TWIE 117: Solar Flare Prediction

This Week in Engineering - Solar flare prediction; amphibious tank; tidal power plant; printing resolution record; cameras for kitties; and molecule-thin semiconductor.

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Solar flare prediction
A radioactive element¦s rate of decay was once thought to be constant, but scientists have recently noticed a slight variation in the decay rate with Earth¦s distance from the sun. Now, Purdue physicist Ephraim Fischbach has correlated a change in radioactive decay rates to solar flares, and suggests that we may be able to predict solar flares a day and a half before they happen. Scientists are unsure why the decay rates change, although one suspect is solar neutrinos. A solar flare warning system could help astronauts and satellites prepare for dangerous radiation storms.

Amphibious tank
DARPA has released video of a prototype vehicle called CAAT, or Captive Air Amphibious Transporter, which rides on tank treads filled with air, and works both on land and on water. The vehicle was developed for the Tactically Expandable Maritime Platform -- or TEMP -- program, and may one day help deliver humanitarian aid from cargo ships to disaster areas. The prototype is built to just a one-fifth scale. I say, add a rope, a harness, a boom, and a frat boy, and it¦s also a state-of-the-art spanking machine for Delta Chi pledges.

Tidal power plant
The first U.S. commercial power plant to run on the current of ocean tides begins operating this week. The Ocean Renewable Power Company installed a 34-ton rotating turbine on the seafloor of the Cobscook Bay in Maine, with power going directly to the grid through an underwater cable. Up to 20 turbine units could be installed over the next four years, which would power about 1500 homes. The hardest part of the project was the harsh environment, including corrosive salt water and harsh Maine winters. Also, there are lobsters.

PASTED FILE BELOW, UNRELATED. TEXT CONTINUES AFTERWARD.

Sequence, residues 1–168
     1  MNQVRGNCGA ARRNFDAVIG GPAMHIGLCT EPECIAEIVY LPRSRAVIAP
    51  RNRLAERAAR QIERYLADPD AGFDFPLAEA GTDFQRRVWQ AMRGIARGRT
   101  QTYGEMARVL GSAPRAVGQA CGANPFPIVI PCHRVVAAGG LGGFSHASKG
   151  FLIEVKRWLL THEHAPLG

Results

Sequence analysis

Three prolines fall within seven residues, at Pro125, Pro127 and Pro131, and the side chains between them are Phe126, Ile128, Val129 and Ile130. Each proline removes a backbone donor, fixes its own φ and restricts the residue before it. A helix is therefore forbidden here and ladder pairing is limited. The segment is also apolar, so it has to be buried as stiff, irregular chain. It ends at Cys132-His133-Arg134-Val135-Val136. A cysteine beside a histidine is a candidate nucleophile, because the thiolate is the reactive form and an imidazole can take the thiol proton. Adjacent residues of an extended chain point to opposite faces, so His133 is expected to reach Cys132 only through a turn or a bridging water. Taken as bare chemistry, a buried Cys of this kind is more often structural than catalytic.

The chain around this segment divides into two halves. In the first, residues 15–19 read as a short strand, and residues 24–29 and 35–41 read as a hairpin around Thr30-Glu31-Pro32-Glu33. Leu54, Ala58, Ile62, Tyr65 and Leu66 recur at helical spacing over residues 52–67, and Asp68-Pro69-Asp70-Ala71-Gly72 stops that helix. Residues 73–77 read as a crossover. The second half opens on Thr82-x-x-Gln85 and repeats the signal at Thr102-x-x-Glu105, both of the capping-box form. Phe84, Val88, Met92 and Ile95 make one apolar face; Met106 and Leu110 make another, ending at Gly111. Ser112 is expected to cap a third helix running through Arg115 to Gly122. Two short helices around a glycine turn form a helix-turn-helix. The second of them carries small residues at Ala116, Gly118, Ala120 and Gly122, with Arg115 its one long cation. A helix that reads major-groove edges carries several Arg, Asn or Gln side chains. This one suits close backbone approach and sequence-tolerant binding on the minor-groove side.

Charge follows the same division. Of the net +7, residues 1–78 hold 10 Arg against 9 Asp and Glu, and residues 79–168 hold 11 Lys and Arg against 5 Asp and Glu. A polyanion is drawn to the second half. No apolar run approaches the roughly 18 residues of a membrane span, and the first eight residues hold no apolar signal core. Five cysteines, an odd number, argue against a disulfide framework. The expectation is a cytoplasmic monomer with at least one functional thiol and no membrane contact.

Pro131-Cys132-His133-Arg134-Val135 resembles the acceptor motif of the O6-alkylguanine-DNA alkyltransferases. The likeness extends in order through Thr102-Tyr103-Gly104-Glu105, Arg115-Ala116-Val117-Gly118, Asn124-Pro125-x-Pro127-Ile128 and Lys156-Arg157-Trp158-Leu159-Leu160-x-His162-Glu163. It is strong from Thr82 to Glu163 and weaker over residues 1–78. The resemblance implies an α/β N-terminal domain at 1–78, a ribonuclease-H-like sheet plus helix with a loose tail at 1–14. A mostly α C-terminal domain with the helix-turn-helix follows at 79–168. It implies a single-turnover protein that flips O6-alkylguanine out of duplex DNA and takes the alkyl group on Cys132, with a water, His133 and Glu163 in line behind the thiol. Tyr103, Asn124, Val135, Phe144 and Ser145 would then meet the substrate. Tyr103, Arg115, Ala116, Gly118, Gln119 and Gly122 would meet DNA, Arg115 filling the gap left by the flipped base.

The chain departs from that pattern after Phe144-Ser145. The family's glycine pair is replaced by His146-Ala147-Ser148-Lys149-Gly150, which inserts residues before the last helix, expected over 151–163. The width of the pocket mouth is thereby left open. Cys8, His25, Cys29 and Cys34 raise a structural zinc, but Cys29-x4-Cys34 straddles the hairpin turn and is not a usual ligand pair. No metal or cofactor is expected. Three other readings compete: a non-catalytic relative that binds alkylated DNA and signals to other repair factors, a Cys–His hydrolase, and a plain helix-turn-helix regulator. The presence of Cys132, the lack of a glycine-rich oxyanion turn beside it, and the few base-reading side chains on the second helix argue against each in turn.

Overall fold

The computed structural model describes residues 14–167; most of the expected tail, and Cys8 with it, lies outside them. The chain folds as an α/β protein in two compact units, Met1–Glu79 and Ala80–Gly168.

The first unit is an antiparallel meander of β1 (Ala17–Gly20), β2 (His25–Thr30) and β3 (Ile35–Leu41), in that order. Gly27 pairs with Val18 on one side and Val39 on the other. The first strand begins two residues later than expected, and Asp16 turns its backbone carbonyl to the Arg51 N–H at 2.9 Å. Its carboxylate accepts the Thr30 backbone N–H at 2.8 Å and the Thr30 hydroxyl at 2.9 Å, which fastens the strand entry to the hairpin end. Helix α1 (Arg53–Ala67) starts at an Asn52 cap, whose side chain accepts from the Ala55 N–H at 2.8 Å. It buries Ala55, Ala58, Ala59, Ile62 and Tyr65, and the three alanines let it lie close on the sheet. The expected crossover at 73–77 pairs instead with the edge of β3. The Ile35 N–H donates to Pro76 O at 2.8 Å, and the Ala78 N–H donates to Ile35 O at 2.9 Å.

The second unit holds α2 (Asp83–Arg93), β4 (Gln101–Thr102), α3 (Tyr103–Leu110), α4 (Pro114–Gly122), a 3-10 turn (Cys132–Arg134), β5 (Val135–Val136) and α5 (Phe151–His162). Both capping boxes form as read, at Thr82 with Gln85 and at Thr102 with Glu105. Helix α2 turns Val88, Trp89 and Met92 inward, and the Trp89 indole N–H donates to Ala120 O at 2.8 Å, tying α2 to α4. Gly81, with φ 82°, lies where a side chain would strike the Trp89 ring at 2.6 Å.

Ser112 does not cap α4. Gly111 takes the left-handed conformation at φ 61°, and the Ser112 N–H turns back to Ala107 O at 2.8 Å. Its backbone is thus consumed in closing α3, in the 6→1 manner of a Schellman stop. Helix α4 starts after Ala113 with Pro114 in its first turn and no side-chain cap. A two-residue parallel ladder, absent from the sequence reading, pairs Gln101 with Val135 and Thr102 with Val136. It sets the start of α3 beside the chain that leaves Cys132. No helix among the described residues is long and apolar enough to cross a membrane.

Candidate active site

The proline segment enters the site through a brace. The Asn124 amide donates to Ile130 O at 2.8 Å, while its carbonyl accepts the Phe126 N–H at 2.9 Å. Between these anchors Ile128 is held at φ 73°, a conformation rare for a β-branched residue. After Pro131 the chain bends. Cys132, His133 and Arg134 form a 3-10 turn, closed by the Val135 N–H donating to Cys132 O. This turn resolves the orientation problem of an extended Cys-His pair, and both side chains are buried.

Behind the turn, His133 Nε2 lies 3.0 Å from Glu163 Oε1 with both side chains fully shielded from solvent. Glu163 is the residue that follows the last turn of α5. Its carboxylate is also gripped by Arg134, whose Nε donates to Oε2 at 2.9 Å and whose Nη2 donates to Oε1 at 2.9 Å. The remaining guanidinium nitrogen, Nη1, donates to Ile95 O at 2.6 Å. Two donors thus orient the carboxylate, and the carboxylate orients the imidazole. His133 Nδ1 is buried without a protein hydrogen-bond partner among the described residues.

Printing resolution record
Researchers from Singapore have developed a method of color printing using the dimensional parameters of metal nanostructures, instead of ink. The color image was printed at 100,000 DPI, which, the researchers claim, is the optical diffraction limit -- if pixels were any closer, the light would diffract and the image would blur. The technology may one day generate microimages for security, optical filtering or data storage.

Cameras for Kitties
The University of Georgia has created KittyCam, a research project equipping 55 free-roaming house cats with small video cameras to track their behavior. The cameras are waterproof and equipped with LED lighting to record activity at night. A part of the National Geographic Society¦s CritterCam project, the research has shown that the cats that hunted averaged two kills in the week, four of the cats adopted a second set of owners, and many cats were documented engaging in dangerous behaviors. You know what, researchers? You¦d engage in a risky behavior or two, if somebody neutered you as a kitten and you had nothing else to live for.

Molecule-thin semiconductor
Graphene, a one-atom-thick two-dimensional layer of carbon has exceptional properties, but has never made a good semiconductor. Now, researchers from MIT have developed a way to create sheets of a different molecule -- molybdenum disulfide -- which has a band gap that would make it suitable for electronics. The MIT team has already created several basic electronic building blocks out of the sheets, including an inverter, a NAND gate, and even a ring oscillator. Look, I don¦t need electronics one-molecule thin. My iPhone is brittle enough at a half-inch. Now, if that one molecule can survive a dunk in a toilet, I¦m in.